Back in October of 2014, YIMBY reported that construction was wrapping up on Columbia University’s nine-story, 450,000-square-foot Jerome L. Greene Science Center at 3229 Broadway, between West 129th and 130th Streets, in the Manhattanville section of Harlem. It was the first building to rise within Columbia’s new 17-acre Manhattanville campus. Later that year, the single-story structures on the triangular lot immediately to the south were demolished in preparation for Columbia’s three-story, 55,890-square-foot academic conference center. Harlem+Bespoke now has a rendering of that building, located at 3205 Broadway. The building will include a café, an information center, offices, meeting rooms, and two auditoriums. Excavation work is reportedly underway and completion of the building is expected in 2018. Renzo Piano Building Workshop is the design architect and Dattner Architects is the architect of record.
Last September, glass installation was well underway at Columbia University’s 15-story, 107,299 square-foot Medical College Graduate & Education Building at 104 Haven Avenue, in Washington Heights. The 196-foot-tall structure is now fully clad, seen in recent photos by Tectonic. When the building opens later this year, it will contain mostly academic classrooms and facilities, but will also feature an auditorium, a café, and lounge/study space. Diller Scofidio + Renfro designed the building, which is attempting to achieve LEED Gold certification, according to Curbed. Gensler Architects served as the architect of record.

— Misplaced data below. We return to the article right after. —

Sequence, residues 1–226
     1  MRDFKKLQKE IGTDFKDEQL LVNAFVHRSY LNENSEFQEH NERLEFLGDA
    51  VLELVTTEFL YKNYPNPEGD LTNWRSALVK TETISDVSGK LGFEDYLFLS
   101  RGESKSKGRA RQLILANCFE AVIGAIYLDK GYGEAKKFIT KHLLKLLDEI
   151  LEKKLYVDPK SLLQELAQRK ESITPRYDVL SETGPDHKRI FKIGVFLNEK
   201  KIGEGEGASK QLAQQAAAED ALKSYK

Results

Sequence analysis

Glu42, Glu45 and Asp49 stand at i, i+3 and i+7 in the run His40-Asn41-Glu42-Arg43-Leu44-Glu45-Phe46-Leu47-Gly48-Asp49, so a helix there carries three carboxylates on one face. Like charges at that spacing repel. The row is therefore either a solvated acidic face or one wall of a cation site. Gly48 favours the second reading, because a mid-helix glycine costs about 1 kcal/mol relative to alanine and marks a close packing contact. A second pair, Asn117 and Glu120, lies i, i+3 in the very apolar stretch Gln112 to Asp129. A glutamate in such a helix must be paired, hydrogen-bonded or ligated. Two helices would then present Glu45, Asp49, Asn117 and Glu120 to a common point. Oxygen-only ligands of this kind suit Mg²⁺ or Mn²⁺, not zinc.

Since topping out late last year, Columbia University’s 15-story, 196-foot tall Medical and Graduate Education Building, at 104 Haven Avenue, in Washington Heights, has been quietly underway, and now the building is nearly completely clad in glass, per Curbed. The building measures 107,300 square feet in total, and 80,768 square feet will be dedicated to academics, meeting spaces, offices and laboratories. Diller, Scofidio + Renfro is designing, and Gensler is serving as the architect of record. The project is expected to be complete next year.